The funeral of Winston Churchill in 1965 turned out to be the burial of the British Empire. The funeral of Queen Elizabeth next week will probably be the obsequies of the United Kingdom. On the freezing January day when Churchill was buried after a triumphant, ancient, and unrepeatable procession through London, the millions who had watched it on tiny black-and-white televisions understood that they had seen much more than the passing of a very great and very old man. With him gone, we were just a country, in which small men scurried about under tall arches and high vaults built by and for greater figures than they could hope to be, and for vaster purposes than they could hope to pursue. I often wonder how the British foreign secretary copes with the vastness of his actual physical office, in which you could hold a tennis match or a modest promenade concert. Yet navies don’t move at his command, and I suspect he struggles to get some of the larger powers in the world to take his telephone calls.

You can still watch this long, lush moment in which decline is wrapped in glory but remains evident. It takes some finding, but the misty, monochrome recording of the Churchill procession and the ceremony can still be located. Watching it many years later—I first saw it on a TV screen on a high shelf in my boarding-school dining hall—I was struck by how physically distant it seemed, though the cityscape of ceremonial, political, and official London hasn’t changed all that much. It is the spirit that has altered. The country in those days still had some scraps of its former grandeur and of the stoical austerity which had made the grandeur possible. The hollow, almost gaunt faces of the soldiers who carried the old warrior’s coffin up the steps of St. Paul’s Cathedral would be hard to find anywhere in Britain now. Life has changed too much. It is sweeter and softer and fatter than we could then have imagined. The dress and the slang and the carriage of the crowds on those chilly streets would have been more recognizable to a Londoner of the 1920s than to a Londoner of today. I suspect that the ceremony next Monday will have a similar power to jolt us out of ancient dreams. And that, as in 1965, we will not realize the depth, length, breadth, and height of our loss until the closing hymn dies away on the Westminster Abbey air, and the last trumpets blow.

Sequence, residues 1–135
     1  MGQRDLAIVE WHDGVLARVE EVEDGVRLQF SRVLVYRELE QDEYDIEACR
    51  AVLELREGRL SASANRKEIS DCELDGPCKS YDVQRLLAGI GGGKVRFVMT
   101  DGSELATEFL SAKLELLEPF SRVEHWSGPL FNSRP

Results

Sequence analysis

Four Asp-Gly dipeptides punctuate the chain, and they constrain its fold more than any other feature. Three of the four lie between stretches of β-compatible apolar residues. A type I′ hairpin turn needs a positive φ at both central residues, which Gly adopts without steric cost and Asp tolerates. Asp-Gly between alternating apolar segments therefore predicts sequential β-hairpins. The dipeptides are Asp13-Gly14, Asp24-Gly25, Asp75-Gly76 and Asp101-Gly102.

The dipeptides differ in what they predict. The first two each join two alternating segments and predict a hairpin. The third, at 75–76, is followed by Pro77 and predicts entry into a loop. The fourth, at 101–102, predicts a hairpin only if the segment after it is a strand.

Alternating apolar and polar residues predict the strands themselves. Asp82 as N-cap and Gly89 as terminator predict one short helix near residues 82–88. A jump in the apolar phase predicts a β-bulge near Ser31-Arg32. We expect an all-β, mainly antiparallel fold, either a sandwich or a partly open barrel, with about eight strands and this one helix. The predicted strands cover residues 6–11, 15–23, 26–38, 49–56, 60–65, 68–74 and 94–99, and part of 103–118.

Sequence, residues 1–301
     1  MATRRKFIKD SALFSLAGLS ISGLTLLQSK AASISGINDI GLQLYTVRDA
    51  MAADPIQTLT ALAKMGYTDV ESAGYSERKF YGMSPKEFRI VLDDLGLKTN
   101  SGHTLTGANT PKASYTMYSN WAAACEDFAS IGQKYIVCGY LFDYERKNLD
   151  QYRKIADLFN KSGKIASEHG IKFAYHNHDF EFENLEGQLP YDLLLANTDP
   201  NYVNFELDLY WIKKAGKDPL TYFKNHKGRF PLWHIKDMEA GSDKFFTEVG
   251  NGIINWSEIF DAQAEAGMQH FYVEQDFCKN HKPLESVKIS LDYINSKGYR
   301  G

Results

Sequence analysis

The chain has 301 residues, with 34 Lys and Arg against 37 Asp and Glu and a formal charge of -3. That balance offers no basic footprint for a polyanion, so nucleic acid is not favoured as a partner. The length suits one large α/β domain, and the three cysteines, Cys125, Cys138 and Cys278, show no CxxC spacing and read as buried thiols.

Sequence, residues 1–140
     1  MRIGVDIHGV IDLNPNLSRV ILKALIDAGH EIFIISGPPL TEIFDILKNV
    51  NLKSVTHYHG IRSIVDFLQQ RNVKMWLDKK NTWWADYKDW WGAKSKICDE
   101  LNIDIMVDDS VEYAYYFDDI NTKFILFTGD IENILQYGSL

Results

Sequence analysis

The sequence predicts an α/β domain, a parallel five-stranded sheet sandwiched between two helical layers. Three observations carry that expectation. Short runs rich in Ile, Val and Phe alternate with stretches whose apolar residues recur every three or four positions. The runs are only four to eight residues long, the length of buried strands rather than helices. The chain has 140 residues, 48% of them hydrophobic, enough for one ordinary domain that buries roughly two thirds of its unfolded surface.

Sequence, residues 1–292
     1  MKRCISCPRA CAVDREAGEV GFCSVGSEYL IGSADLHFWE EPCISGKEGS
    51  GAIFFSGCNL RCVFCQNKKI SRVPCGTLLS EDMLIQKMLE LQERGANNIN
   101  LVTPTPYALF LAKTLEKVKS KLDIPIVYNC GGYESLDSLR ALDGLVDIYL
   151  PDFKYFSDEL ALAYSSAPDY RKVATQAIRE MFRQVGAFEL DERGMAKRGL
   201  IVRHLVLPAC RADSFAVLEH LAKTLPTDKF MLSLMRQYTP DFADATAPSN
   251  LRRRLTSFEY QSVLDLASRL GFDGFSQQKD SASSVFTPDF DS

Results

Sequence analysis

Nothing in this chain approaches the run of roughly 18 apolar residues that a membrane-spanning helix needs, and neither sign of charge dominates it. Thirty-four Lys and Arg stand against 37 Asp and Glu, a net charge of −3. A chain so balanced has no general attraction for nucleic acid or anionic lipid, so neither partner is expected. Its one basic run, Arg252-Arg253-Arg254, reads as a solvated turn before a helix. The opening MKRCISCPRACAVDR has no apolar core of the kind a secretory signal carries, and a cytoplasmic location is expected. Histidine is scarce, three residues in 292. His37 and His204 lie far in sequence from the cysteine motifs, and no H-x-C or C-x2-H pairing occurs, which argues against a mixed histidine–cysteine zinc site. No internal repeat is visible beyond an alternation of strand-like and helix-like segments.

Queen Elizabeth knew very well that the empire was done for. She didn’t inherit her father’s title of king-emperor, and she devoted a great deal of time to nurturing the empire’s unsatisfactory successor, the Commonwealth, in the hope that it might through gentle influence replace some of the armed might, majesty, dominion, and power that the British Empire had wielded. But it was a bit like Lewis Carroll’s Snark, a creature whose nature was impossible to establish and whose very existence is hard to prove. What unites it? What does it actually do? Do its members have a single important thing they all share in common? I was once told by a serving foreign secretary that its existence greatly aided the sales of familiar British-branded goods, such as disinfectants, but I am not even sure that we make such things anymore. Some of its member states are far from being exemplary law-governed polities. At least one member, Mozambique, was never part of the British Empire in the first place. Many are republics that don’t accept the British monarch as head of state. Several obviously yearn to be republics but have been prevented by good manners towards the late Queen from taking this step. If this now ends, a peculiar new danger threatens the former seat of empire.

Let us say that Australia, a country regarded by many British people as a sunnier version of their own home, decides to become a republic. This is likely to make the issue a real one in the home islands. The United Kingdom is already nothing of the sort. After the revolutionary Blair government pursued Welsh and Scottish devolution, and chose the policy of appeasing the Irish Republican Army in Northern Ireland, politics in much of these islands changed irrevocably. Almost everything that happens in Scotland is now connected to the nationalist desire to leave the union with England. Disenchantment with supposed English rule is common in Wales. Irish republicanism is probably the strongest single political force, in the shape of Sinn Fein, in Northern Ireland.

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